The pipeline project's legal limbo is causing frustration in the Canadian province of Alberta.
Oil was supposed to flow freely from the frozen north of this Canadian province, along with expectations that the US market could consume all of the crude that companies here produced. Much of it was to be moved by the Keystone XL pipeline, which would bring bitumen from the Alberta oil sands to refineries on the US Gulf Coast.
But the ongoing legal limbo of the pipeline – underscored yesterday by President Barack Obama, who said that Keystone XL should be approved only if it will not produce a net increase in greenhouse gas emissions – has created concern and uncertainty in the Canadian oil industry and the province of Alberta, where projects in the oil sands are being reevaluated and government royalty revenues have been reduced.
It’s also brought a sense of bewilderment for some Canadian politicians and pipeline proponents – especially those who speak openly of environmental concerns and posit that increased shipments of Alberta oil would simply displace imports from less-friendly places such as Venezuela and the Middle East.
Alberta is oil country, but these days its main export can sell at more than $30 per barrel below the West Texas Intermediate benchmark price – thanks to the heavy nature of Canadian oil, a glut of competing oil from North Dakota's Bakken rock formation, and a lack of pipeline capacity.
As a result, Alberta is feeling the pinch – both in terms of its private oil industry and in dented provincial government finances. Alison Redford, the premier of Alberta, blamed the price difference for a budget deficit and social spending cuts in the province – long a conservative bastion with the lowest taxes in Canada and a dependence on oil and gas royalties for roughly one-third of government revenues.
And the low prices may also be discouraging further investment in the region. “The logistical bottlenecks on prices may already have played a role” in energy companies Total and Suncor cancelling an $11.7 billion oil-sands upgrader plant – which turns bitumen into synthetic crude – the International Energy Agency said in a May report. The discount, the report adds, may have “triggered reviews of many other capital expenditure projects.”
All that is raising the stakes for the Keystone XL pipeline. “In the view of the province, [Keystone XL] is a must-go,” says Keith Brownsey, a political science professor at Mount Royal University, who points to the steady stream of federal and provincial officials making US lobbying trips as a sign of the angst the pipeline's delay is causing in Alberta.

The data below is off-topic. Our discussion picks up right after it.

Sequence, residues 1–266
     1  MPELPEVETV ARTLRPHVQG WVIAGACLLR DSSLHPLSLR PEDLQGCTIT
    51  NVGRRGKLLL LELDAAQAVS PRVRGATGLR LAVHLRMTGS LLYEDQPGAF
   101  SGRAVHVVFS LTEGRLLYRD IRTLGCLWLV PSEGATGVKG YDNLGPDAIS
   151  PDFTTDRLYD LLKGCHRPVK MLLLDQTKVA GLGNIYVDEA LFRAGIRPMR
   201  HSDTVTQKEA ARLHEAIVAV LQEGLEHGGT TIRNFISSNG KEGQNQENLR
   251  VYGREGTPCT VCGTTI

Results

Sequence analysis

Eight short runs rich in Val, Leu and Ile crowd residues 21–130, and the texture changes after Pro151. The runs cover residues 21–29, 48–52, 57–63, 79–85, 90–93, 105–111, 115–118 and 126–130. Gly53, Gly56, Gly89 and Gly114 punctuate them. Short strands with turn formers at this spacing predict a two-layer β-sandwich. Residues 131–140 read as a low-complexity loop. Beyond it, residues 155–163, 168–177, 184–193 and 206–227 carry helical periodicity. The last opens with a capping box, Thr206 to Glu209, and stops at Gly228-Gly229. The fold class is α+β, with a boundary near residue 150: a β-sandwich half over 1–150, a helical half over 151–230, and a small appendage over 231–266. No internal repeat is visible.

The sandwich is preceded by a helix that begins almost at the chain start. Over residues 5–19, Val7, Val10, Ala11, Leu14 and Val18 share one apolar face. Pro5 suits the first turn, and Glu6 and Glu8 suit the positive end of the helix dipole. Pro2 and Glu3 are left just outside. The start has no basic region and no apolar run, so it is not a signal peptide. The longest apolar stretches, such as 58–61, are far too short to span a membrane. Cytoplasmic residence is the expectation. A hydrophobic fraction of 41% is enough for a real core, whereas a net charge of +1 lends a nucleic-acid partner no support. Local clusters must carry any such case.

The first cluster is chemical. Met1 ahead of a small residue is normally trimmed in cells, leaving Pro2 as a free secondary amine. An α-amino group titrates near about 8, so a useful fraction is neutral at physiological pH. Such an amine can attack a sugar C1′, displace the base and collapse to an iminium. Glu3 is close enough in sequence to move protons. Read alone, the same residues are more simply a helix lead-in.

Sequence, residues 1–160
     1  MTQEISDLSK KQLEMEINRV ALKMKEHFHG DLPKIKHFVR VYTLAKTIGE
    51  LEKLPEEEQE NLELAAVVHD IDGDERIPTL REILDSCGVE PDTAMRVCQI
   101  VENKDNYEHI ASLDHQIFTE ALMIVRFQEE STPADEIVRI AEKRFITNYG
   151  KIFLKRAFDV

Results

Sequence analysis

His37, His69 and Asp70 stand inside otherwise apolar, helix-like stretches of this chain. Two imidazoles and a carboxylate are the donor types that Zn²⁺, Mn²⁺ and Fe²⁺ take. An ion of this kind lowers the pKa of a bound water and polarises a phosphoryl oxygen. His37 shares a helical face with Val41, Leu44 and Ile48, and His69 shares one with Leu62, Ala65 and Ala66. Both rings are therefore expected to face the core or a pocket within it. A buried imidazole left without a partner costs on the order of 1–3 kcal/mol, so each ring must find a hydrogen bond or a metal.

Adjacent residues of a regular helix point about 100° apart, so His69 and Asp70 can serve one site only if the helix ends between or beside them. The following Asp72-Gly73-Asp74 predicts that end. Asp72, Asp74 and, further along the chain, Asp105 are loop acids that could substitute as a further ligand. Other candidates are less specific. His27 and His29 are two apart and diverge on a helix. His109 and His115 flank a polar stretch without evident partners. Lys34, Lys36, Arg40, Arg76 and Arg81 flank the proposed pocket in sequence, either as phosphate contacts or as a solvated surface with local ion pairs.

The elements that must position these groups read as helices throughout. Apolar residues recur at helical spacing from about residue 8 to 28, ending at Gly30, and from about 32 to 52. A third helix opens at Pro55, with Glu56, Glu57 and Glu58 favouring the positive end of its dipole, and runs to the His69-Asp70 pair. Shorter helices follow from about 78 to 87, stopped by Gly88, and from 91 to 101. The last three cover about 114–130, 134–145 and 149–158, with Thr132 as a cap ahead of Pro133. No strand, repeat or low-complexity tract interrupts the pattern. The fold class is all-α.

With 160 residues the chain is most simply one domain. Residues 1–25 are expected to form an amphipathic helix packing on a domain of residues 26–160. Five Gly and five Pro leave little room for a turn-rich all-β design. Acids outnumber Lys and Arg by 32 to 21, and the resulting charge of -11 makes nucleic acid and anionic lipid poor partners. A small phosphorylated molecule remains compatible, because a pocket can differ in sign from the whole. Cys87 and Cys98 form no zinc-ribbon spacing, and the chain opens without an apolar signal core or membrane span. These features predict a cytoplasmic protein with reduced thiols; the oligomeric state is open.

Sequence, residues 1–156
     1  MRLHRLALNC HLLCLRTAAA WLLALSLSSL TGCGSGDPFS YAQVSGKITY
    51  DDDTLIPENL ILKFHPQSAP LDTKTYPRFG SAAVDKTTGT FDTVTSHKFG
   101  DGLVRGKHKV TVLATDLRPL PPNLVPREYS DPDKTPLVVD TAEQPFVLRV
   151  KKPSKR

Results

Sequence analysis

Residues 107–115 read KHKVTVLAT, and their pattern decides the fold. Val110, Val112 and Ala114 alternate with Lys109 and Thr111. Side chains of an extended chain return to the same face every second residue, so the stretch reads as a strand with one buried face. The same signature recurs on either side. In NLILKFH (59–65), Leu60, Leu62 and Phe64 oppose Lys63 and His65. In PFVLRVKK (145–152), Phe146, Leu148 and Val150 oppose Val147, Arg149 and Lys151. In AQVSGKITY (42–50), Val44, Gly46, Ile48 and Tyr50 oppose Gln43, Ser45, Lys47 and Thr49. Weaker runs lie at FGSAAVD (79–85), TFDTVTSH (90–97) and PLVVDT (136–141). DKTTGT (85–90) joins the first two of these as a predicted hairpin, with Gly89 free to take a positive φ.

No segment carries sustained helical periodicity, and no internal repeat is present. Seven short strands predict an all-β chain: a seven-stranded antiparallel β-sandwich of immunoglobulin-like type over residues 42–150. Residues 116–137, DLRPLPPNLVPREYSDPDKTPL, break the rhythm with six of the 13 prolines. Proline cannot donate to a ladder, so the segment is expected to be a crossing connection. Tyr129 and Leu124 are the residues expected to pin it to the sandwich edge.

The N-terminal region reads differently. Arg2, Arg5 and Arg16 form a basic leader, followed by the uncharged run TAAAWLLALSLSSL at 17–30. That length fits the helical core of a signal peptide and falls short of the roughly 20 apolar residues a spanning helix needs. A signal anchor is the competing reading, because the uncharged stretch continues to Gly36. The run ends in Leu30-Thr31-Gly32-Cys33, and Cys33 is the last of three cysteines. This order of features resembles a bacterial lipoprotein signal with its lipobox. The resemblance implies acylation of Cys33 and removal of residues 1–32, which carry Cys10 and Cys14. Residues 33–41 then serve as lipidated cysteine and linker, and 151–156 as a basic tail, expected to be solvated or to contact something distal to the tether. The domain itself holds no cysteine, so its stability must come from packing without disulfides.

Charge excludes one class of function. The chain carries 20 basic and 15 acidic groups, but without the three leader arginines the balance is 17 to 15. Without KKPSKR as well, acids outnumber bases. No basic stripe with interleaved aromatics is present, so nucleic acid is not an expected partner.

Industry officials insist there’s no angst and reject claims that oil sands production makes Canada a petroleum pariah. The Canadian Association of Petroleum Producers (CAPP) says practices have improved, environmental regulations in Alberta are strict (unlike those in less-developed countries), and that the carbon footprint of oil sands petroleum has shrunk approximately 1 percent annually for 20 years. Companies in the oil sands also created a consortium to share environmental technologies.
Still, local leaders express amazement at the attention paid to a lone pipeline project – as opposed to other sources of greenhouse gas emissions.
“A lot of Albertans are a bit quizzical about why one pipeline has been made to bear the load of energy usage in the developed world,” Calgary Mayor Naheed Nenshi said last September.
In spite of the uncertainty, CAPP forecasts $63 billion in capital investments this year, with $23 billion destined for the oil sands – which it estimates will produce 5.2 million barrels per day by 2030, nearly triple today's output.
Companies also are considering alternatives for accessing markets. Rail-cars already carry 130,000 barrels of oil per day, and projects have been proposed to send petroleum to the west and east coasts of Canada, says Greg Stringham, CAPP’s vice-president markets and oil sands.
A pipeline to the West Coast has encountered opposition in British Columbia, but other options are being reviewed – such as Line 9, which would have its flow reversed to carry oil from Sarnia, Ontario, on the border with Michigan, to Montreal.
Keystone XL is still the preferred option, Mr. Stringham says, “but the industry is very creative in finding solutions.”